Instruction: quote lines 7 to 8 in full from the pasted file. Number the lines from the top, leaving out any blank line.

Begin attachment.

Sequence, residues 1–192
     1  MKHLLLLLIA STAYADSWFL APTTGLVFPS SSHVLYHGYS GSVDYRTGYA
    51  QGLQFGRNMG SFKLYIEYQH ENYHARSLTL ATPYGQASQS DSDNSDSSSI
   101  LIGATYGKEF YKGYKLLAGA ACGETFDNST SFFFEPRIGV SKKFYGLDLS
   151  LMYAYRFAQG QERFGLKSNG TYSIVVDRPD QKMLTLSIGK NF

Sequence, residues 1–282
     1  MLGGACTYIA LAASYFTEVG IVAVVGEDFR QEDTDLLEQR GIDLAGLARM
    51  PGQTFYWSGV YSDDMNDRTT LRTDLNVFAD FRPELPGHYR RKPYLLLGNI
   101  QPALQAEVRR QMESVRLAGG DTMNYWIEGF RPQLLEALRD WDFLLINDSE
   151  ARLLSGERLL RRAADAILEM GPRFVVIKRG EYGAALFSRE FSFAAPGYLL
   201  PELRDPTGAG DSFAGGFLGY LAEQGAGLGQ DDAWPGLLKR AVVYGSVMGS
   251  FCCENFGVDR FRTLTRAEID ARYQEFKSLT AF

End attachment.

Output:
     1  MLGGACTYIA LAASYFTEVG IVAVVGEDFR QEDTDLLEQR GIDLAGLARM
    51  PGQTFYWSGV YSDDMNDRTT LRTDLNVFAD FRPELPGHYR RKPYLLLGNI